There he stood now in the desolate land,
A pale and solemn shadow,
And neither looked up nor greeted me,
Only his musical sounds did he let drift
And weep through the cold meadow;
And only staring at me
From his brow,
As if it were an eye, hollow and pallid,
Was the dark mark of a deep wound.
[1]

It almost sounds like something by Alban Berg, and although Fischer-Dieskau’s upper notes are somewhat strained and brittle his new deep low range pays dividends in this song. Interestingly, he does not sing it with a strophic, almost spoken delivery but with a real legato, treating it as if it were Schumann. This is clearly one of the real highlights of the entire album. The early songs of Webern are more lyrical and tonal than any of his later music, yet if you listen carefully you can tell that his mind was already conceiving music in a somewhat different way. By the time you reach Himmelsfahrt he sounds like the Webern you know, kind of; certainly different from the previous songs. Yet again, Fischer-Dieskau caresses the line lovingly. No Sprechstimme for him, even when the music sounds suspiciously like Pierrot Lunaire. And yet, even the Strauss songs presented here are a little weird, particularly the 12 ½-minute Notturno with its almost ghostly violin accompaniment.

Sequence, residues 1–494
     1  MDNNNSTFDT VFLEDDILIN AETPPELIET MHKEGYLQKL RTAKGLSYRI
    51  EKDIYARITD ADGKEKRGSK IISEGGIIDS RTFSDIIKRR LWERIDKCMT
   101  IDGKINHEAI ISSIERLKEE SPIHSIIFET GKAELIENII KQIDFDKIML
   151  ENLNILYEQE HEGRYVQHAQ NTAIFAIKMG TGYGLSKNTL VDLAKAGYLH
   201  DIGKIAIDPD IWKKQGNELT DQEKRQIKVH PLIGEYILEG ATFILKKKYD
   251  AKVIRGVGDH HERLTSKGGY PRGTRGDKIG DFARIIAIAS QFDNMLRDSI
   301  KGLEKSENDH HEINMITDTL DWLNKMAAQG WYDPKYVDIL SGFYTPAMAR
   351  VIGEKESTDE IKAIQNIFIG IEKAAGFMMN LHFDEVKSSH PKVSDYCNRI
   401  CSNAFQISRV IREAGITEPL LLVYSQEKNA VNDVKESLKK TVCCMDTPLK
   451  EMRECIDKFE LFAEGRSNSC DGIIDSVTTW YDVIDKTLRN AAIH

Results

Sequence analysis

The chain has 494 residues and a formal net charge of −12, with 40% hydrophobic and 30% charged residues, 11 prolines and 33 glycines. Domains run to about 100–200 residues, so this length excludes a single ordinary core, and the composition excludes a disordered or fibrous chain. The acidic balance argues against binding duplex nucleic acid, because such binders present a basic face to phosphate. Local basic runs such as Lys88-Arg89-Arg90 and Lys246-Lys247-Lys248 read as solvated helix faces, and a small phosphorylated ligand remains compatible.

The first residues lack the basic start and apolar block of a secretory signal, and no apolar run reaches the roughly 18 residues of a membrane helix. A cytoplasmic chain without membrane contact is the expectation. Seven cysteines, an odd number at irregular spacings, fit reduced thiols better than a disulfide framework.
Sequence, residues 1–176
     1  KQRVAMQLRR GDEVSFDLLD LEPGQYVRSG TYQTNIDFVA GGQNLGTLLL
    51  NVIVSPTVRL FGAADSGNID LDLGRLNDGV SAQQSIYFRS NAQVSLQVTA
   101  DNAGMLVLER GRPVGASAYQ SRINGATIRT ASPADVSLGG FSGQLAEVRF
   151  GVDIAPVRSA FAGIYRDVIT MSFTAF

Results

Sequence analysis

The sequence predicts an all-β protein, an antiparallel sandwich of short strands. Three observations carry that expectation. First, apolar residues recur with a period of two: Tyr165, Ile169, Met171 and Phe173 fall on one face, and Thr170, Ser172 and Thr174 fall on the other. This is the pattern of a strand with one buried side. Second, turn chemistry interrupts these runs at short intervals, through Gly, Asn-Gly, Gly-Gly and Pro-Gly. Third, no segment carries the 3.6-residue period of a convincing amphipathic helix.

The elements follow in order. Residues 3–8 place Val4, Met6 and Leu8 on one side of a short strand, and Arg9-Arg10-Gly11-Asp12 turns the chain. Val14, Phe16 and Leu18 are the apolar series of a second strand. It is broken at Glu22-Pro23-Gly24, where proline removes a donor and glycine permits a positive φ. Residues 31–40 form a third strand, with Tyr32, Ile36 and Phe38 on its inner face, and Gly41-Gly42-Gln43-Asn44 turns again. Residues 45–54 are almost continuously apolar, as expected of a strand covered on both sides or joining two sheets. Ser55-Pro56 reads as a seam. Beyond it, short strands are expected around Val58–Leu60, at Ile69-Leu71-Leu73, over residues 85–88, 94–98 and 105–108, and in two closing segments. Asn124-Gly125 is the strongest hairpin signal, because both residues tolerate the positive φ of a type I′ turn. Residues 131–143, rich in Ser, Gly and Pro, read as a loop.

The last CD is also a bit strange, containing mostly songs in languages foreign to him such as English, Italian and French. Although Fischer-Dieskau’s spoken English was tolerably good, his pronunciation in Poor Adele is simply atrocious. I had to strain to make out at least half of the words he was singing. Another novelty of his disc is that every song is accompanied by a clarinet or a French horn. Clarinetist Dieter Klöcker plays pretty well, but hornist Klaus Wallendorf has a really muffled, crappy-sounding tone. Pianist Harnut Höll, however, plays very well. Fi-Di is not in very good voice on this session (though his breath control was still pretty good), but he still had his trill, which he displayed in Kreutzer’s Das Mühlrad. Some of the problems with both Fischer-Dieskau’s voice and Wallendorf’s horn, however, are due to the muddy and covered sound (sometimes, as in Reissiger’s Abendständchen an die Geleibte, with a rough, almost “scratchy” artifact noise at the end of every horn note), quite surprising for a digital recording even then. Recording engineer Teije van Geest should have been ashamed of himself for this travesty. But if you strain enough to hear them, many of the performances are marvelous.